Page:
Hollar is a Roots/Americana Alt-Country band from the Southern end of
York County, Pennsylvania. The band was founded by it's front man and
main contributing songwriter, Michael S. Males in 2008.
the revolution of Americana roots pouring through the public’s
speakers lately it’s only a matter of time before everyone is
doing it. Sure, there are a sea of bands playing folk, bluegrass, country
or some amalgam of multiple genres resulting in a mixture of traditional
and non-traditional. The thing is, is that the public desire is like
a roaring fire, boiling away the junk that doesn’t cut it, most
of the time at least. So when I say that American Hollar has been at
this for a bit, with members that are stoking the fire while being in
the pot, you need only listen to “The Things You can’t Change”
to get what I mean. This is a group of guys, some who have influenced
the growing community of musicians, while playing some of the best americanafolkbluegrasswhateverelseyouthink
around. (That’s a real genre, I promise)
Quick background: American Hollar started in 2008 by Mike Males (who also founded myruralradio.com) and has with it, a cast and crew of musicians, some regular some not so regular. They have been featured in a few magazines, interviews, and have about 40 some odd songs under their belt. They are also located in the southern York area. They get around, playing shows all throughout the area and some afar (like other states). Ok, back to the album!
The album was produced locally in Delta PA at Sleepy Hollow Sound, and sounds great. There are a mixture of instruments on this album, most are stringed instruments. You can tell from the playing, they all know what they are doing; the musicianship is wonderful. One thing about americanafolkbluegrasswhateverblah is that you can easily step on toes if you aren’t careful, and if you get a little off beat, everyone knows it and you can feel it in the song. On this album, each member knows their parts, and their parts are well separated so that no one is butting in line, and no one is the star. This is a collaboration of musicians in celebration of the arts, and carrying the weight of the songs on each other shoulders. The sound of the disc may vary from tune to tune, but never strays far from the core of the band’s sound. If I had one criticism, I have but one, small, teeny nitpick: I wish the songs were more open, it almost feels as if this was done in a small room. I love the openness acoustic instruments give off in a live open setting and if recorded right get some amazing sounds. All that aside, I don’t care “The Things You can’t Change” is still an amazing listen on a Friday afternoon with a cold brew, or any day of the week….with a cold one.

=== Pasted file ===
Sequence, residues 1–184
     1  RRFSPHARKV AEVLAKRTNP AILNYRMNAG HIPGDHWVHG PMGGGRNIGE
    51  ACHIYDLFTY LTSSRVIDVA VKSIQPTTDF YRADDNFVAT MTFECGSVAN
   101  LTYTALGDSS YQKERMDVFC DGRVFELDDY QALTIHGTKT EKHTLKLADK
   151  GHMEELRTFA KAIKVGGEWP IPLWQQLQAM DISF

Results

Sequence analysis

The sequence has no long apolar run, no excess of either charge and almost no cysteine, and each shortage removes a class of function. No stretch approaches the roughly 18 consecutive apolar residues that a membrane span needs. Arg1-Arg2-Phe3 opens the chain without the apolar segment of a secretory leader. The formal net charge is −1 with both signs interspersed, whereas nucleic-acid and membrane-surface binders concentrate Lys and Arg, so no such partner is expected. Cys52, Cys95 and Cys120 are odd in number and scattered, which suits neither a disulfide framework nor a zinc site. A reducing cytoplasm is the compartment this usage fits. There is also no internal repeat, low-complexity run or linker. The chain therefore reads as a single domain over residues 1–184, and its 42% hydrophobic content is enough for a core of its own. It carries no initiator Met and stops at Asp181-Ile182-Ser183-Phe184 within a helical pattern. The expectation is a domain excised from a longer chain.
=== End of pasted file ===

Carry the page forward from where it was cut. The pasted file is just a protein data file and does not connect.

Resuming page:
The track I particularly enjoyed the most was “Remember Me”. The first thing that stood out to me, is that this one feels like it was written from such a deep place. Now all this is purely subjective, but your in my world now. Through out all the tunes, the vocals come across so honest and pure, but in this song there is something more, I feel. Even in the music playing it takes it’s time, just to get the point across to the listener. It’s such a heavy tune, just facing the things you must but wish you didn’t have to, or at least I think.. Through the whole of this song there is a backbone, a steady rhythm section with a few leads placed in to break it up, and it’s just wonderful, absolutely wonderful.
Most of the things I review on this site, I just adore, so I tried honestly to find something I was neutral to. I’m not a huge fan of country, and to me at first, this border lined on what is country (not that nu-metal nickleback “country”). But you know, after a few listens, I am really enjoying this disc. The song that hit it for me is defiantly “Remember Me”, although I can’t say any of the others hit me the right way, they certainly grew on me. The sheer honesty in this album, take the intro to “Sweet Baby’s Arms”, the false start left in there, just awesome. I love the attitude, and that’s what won me over to them. If you already like country, more so in the traditional sense, you’ll just love these guys; and if your a fan of all types of music, please check out American Hollar, they will not let you down. And I want them on my show so, Mike, if you read this, come on in!